In this topic you can read about of boiling point definition method, which can be utilized for liquid reagents analysis. When you need to be sure in a liquid reagent, you can define its boiling point and compare your analysis result with a literature data of checked compound.
The boiling point of any compound is the temperature where the liquid-gas phase change happens. In more technical words, it is when a liquid’s vapor pressure equals its applied pressure (usually the atmospheric pressure). Boiling points are very sensitive to changes in applied pressure, so all boiling points should be reported with the measured pressure. A compound’s “normal boiling point” refers to its boiling point at a pressure of 760 mm Hg (1 atm).
A compound’s boiling point is a physical constant just like melting point, and hence can be utilized to help the identification of a substance. Nonetheless, boiling points are not generally used as a gauge of purity unlike melting points. Impure liquids boil over a range of temperatures (similar to how melting points have breadth), but the temperature interval does not correlate linearly with purity. Consequently, a compound’s boiling point measurement is mainly utilized to help its identification.
An experimental boiling point is generally compared to the literature boiling point, which is typically recorded under a pressure of 1 atmosphere. If a boiling point is identified at a pressure different from 1 atm, the pressure should be adjusted. A basic rule is that for pressures within 10% of one atmosphere, a 10 mm Hg decrease in pressure will cause a decrease of 0.3-0.5 °C in the boiling point. Another rule is that for every halving of pressure, the boiling point will drop by about 10 °C. There are various ways to determine a sample’s boiling point, such as distillation, reflux, and using a Thiele tube. The simplest technique utilizes a Thiele tube and has the benefit of using less than 0.5mL of material.
Rather than a distillation, there are other more straightforward ways to measure a compound’s boiling point, and it is suggested to investigate those alternatives (e.g. Thiele tube) if that is the only aim. But if there is limited material, or a purification is to be carried out anyway, a distillation can be used to determine a compound’s boiling point.
In the majority of cases, a straightforward distillation should do the trick (Fig. 1), and at least 5 mL of sample should be put in the distilling flask along with a few boiling stones or a stir bar. As the major part of the material distills, the highest temperature noted on the thermometer equals the boiling point. A common source of mistake with this technique is recording a temperature that is too low, before hot vapors completely engulf the thermometer bulb. Be sure to check the thermometer at regular intervals, particularly when the distillation is ongoing. Record the barometric pressure as well as the boiling point.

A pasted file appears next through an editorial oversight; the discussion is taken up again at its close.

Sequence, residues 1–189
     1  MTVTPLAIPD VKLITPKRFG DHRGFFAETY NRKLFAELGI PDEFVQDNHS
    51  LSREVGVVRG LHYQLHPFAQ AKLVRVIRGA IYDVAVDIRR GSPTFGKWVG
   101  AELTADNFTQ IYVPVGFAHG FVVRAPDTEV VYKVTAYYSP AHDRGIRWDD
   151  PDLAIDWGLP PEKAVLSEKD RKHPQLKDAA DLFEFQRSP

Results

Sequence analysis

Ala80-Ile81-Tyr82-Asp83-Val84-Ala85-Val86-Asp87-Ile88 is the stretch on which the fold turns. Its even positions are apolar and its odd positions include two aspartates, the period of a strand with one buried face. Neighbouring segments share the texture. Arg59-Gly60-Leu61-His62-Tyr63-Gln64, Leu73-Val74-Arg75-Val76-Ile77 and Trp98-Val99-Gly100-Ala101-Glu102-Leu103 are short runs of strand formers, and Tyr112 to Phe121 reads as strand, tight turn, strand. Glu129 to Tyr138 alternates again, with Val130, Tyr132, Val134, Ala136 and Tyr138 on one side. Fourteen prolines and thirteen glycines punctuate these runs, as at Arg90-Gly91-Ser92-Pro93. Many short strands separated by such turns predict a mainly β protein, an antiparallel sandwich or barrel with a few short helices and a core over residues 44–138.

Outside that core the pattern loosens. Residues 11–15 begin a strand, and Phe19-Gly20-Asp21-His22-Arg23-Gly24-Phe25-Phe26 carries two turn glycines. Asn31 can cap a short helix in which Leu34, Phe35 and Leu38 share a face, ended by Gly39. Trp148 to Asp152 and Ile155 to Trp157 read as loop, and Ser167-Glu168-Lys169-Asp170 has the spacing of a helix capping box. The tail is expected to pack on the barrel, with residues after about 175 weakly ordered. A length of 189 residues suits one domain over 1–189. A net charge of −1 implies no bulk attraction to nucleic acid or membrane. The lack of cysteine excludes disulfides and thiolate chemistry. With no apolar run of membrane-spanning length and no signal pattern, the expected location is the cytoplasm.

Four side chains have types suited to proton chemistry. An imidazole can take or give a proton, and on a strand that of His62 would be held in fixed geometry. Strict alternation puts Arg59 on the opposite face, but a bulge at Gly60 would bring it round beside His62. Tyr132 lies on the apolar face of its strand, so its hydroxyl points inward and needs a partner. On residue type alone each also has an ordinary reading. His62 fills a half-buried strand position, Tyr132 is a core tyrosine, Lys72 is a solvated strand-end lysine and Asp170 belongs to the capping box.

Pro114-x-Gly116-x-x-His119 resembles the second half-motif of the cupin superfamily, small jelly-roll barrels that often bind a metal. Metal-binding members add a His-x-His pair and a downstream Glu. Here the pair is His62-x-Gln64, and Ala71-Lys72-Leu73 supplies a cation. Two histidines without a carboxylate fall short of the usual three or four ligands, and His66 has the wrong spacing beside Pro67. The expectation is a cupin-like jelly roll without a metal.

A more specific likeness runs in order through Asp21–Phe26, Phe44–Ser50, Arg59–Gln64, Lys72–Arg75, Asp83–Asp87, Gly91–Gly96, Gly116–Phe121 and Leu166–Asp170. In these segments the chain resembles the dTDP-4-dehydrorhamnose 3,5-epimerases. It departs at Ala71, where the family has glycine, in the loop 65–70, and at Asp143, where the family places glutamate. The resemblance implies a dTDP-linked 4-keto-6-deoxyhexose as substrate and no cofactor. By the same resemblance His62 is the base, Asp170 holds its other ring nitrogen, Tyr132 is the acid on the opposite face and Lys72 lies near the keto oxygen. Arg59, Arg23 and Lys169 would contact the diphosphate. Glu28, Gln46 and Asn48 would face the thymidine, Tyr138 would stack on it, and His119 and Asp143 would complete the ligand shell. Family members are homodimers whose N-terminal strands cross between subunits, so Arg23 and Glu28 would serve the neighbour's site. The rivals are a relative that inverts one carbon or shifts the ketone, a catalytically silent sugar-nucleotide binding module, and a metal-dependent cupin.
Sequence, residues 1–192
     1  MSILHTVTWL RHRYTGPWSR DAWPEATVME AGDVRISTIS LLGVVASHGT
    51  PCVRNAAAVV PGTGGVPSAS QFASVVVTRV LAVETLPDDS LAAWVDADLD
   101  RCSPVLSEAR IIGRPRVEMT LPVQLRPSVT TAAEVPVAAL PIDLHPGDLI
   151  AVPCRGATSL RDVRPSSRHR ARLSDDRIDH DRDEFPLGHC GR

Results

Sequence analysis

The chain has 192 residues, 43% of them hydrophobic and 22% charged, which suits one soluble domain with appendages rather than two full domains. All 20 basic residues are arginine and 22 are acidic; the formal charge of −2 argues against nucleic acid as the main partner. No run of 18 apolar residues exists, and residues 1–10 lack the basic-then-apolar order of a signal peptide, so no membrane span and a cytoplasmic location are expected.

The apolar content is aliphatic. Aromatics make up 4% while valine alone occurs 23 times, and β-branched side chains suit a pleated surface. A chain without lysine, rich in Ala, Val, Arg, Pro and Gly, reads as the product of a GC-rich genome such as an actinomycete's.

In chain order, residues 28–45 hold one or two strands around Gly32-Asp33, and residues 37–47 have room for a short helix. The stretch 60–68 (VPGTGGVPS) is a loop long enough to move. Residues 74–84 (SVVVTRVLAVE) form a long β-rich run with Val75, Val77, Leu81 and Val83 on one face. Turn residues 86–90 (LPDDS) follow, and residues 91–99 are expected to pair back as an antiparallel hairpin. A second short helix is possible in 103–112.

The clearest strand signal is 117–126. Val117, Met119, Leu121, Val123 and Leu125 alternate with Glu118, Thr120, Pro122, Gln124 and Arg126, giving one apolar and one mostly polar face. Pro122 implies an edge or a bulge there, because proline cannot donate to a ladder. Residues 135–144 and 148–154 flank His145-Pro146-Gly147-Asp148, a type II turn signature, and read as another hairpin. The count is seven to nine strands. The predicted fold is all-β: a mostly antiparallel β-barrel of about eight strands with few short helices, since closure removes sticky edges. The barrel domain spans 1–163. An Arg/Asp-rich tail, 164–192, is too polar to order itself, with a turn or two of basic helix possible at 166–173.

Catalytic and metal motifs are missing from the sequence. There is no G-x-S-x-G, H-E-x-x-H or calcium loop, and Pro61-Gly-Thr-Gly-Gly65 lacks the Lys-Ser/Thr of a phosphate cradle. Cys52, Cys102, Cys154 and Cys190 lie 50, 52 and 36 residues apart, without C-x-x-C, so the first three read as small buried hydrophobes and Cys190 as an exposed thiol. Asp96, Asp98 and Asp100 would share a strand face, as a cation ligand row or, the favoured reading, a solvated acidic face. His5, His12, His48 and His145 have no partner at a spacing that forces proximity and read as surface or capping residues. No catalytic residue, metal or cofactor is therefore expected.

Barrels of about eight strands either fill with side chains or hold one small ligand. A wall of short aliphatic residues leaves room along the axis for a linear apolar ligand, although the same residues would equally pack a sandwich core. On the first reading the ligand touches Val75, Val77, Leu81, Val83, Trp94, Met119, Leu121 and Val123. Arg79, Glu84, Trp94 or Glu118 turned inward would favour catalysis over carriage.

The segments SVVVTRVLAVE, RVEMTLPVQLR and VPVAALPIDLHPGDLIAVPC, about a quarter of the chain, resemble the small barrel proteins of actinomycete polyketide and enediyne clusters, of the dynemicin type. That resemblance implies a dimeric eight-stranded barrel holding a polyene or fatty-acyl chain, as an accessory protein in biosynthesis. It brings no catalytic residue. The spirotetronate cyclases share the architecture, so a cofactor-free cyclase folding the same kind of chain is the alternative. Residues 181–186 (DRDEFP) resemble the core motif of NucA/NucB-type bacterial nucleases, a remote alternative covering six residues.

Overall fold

A reflux system can also be employed to calculate a substance’s boiling point. Reflux is a procedure wherein a liquid is boiling vigorously and vaporizing, with the evaporated liquid coming back to the original container. It is similar to a distillation system, with the major discrepancy being the upright placement of the condenser.
In the event that materials are accessible, the most ideal reflux arrangement for this application is shown in Fig. 2b and incorporates a microscale condenser and advanced thermometer. The arrangement requires 5 mL of fluid, and a couple of bubbling stones or stir bar. The condenser is appended to the round bottomed container, with the lower water hose associated with the water fixture and the upper water hose depleting to the sink. It is significant to check that the joint associating the container and condenser is safely fixed. The liquid is warmed to a bubble on a sand shower, and the thermometer is put low into the apparatus (Fig. 2c) such that the lower inch is between the bubbling liquid and the base of the condenser. In this situation, the thermometer can precisely gauge the hot mists and the temperature will settle at the compound’s bubbling point.
Record the barometric weight alongside the bubbling point.
Despite the fact that it may appear to be prudent to submerge the thermometer straightforwardly into the bubbling liquid, it is conceivable the liquid may be superheated, or hotter than its bubbling point. After deciding the bubbling point, the container ought to be raised from the sand shower (Fig. 2d) to chill off, and condenser kept running until the container is just warm to the touch. At this point the arrangement can be dismantled.
In the event that a microscale condenser isn’t accessible, an elective reflux technique can likewise be utilized as shown in Fig. 3. Around 5 mL of example is put in a medium test tube (18 x 150 mm) with thermometer attached inside so it doesn’t contact the sides of the glass. The apparatus is cautiously warmed on a sand bath such that reflux happens controllably and mists don’t get away from the tube. The temperature during reflux will in the end stabilize (this takes some time), and the most elevated temperature noted corresponds to the compound’s bubbling point. The bubbling focuses estimated with this technique may have huge blunder if the bubbling point is exceptionally low or high (<70 °C or >150 °C) as low boiling compounds bubble away excessively effectively and high boiling compounds have a tendency to cool excessively effectively.